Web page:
Feinberg, Jackson, Worthman & Wasow attorney Todd Jackson, then at Lewis, Feinberg, Lee & Jackson, was part of a team of attorneys that recovered $65 million in overtime wages for IBM technology workers who the class alleged were improperly classified as exempt from state and federal overtime laws.
In January 2006, tens of thousands of current and former technical support employees of IBM alleged that the company had a common practice of failing to pay overtime compensation, in violation of the Fair Labor Standards Act, California’s Unfair Competition Law, and the wage and hour laws of 14 other states. The class members provided IT support to IBM and to its customers, and the suit alleged that IBM improperly classified them as “exempt” from receiving overtime compensation when in fact they were not exempt.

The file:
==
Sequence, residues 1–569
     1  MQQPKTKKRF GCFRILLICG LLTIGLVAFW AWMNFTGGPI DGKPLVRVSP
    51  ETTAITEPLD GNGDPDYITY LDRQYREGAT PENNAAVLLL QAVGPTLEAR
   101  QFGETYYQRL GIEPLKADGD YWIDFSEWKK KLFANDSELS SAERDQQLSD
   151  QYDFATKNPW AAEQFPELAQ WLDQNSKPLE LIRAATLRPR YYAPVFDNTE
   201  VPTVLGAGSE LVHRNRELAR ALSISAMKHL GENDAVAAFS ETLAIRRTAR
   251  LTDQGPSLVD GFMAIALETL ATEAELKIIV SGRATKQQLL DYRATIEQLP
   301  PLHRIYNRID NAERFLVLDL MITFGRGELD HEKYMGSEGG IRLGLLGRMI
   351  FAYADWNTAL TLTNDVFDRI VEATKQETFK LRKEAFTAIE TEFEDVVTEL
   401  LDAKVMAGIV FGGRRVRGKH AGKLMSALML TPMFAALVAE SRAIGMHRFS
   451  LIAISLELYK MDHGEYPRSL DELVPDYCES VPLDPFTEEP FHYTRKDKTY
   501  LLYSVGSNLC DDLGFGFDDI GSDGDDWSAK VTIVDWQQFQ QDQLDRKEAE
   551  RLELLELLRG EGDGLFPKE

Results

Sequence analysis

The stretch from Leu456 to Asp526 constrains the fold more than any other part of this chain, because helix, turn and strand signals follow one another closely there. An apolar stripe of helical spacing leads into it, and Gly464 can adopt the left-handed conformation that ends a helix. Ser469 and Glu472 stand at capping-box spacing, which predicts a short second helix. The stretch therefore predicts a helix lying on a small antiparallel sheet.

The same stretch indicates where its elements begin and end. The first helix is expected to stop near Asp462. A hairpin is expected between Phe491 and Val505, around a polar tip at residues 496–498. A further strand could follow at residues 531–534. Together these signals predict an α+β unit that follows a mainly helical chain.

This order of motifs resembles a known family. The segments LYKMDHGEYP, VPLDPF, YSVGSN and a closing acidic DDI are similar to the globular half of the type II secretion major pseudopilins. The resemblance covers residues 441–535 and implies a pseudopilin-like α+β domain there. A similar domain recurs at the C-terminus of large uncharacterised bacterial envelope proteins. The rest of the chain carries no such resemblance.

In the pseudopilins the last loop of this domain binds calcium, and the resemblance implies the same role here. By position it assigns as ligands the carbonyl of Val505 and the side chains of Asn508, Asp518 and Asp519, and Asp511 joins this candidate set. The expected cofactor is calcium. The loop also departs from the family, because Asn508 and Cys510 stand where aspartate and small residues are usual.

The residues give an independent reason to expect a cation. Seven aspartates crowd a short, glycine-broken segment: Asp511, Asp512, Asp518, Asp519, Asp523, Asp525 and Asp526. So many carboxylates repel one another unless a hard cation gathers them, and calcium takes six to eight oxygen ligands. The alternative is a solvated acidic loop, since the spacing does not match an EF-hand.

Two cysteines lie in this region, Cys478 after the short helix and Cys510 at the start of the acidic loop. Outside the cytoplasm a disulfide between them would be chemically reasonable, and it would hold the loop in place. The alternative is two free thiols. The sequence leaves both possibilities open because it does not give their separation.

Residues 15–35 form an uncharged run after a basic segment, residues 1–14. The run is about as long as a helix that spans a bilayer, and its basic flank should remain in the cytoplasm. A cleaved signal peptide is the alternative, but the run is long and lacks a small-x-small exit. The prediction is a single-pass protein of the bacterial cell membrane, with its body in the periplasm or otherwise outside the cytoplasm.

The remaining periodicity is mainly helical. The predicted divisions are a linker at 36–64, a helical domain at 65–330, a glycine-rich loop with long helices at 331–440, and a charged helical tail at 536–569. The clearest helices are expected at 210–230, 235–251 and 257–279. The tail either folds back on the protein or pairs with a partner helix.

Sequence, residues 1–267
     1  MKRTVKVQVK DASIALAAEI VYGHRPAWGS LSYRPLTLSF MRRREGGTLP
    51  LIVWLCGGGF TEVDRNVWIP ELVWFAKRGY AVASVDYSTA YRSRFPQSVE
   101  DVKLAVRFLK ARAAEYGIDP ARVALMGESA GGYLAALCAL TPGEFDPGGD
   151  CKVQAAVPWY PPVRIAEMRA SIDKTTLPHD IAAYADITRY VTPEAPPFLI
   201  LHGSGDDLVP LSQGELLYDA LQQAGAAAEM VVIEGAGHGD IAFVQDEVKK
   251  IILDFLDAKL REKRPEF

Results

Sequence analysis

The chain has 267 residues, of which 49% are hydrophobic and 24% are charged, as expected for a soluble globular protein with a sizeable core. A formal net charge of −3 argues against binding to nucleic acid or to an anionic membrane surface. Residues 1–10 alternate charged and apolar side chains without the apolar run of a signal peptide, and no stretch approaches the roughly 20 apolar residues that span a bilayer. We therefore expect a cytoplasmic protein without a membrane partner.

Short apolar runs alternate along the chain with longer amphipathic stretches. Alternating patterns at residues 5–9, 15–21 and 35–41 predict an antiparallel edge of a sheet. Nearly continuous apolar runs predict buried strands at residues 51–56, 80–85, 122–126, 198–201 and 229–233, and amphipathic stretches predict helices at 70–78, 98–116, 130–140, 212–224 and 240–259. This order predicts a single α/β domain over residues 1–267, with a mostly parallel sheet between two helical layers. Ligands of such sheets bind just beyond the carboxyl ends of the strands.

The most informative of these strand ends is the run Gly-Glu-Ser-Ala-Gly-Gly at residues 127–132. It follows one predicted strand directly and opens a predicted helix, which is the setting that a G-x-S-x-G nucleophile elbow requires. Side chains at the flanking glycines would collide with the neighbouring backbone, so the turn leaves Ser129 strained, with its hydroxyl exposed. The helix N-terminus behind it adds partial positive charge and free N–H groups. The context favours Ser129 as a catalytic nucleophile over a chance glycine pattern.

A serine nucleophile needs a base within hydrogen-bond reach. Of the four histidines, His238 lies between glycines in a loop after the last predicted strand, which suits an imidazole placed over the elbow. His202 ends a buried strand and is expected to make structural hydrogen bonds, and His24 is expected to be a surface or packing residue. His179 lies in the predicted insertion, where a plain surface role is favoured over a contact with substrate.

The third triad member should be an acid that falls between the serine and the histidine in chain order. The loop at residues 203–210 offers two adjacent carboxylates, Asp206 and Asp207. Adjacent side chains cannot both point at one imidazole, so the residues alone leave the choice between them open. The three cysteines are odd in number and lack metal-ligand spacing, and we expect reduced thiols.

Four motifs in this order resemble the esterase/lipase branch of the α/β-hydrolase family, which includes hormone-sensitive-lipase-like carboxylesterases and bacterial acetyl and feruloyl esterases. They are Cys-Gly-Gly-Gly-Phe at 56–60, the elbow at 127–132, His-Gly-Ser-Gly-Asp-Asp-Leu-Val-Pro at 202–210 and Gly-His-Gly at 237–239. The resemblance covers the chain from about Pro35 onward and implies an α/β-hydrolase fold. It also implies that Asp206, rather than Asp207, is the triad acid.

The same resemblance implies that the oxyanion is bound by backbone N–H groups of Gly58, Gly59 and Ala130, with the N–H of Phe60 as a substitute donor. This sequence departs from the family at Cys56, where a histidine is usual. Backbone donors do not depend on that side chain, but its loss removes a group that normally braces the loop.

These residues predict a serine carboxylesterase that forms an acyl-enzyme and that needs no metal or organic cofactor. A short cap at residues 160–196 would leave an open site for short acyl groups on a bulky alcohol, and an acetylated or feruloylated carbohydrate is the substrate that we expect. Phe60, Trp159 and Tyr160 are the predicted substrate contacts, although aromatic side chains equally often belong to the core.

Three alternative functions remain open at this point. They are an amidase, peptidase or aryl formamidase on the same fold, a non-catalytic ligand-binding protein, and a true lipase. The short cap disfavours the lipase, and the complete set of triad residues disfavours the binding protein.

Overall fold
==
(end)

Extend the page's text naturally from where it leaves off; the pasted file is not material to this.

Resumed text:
Todd Jackson, along with co-counsel from firms around the country, represented the plaintiffs, emphasizing the distinction that the law makes between people who regularly make discretionary judgments as part of their jobs, such as senior professionals or managers, and those who apply their skills but do not exercise high level control and discretion over how projects are architected and coded. The IT support workers represented by Jackson and the plaintiffs’ other attorneys were certainly skilled, but they did not make judgment calls the way executives and managers do. According to the lawsuit, that made them eligible for overtime, and IBM’s failure to pay it was illegal. In July 2007, the Court granted final approval of a $65 million settlement with IBM. It remains the largest overtime pay dispute settlement ever in the information technology industry. Several more IT workers have filed overtime pay class action lawsuits against similar practices since, and industry treatment of these employees is beginning to change.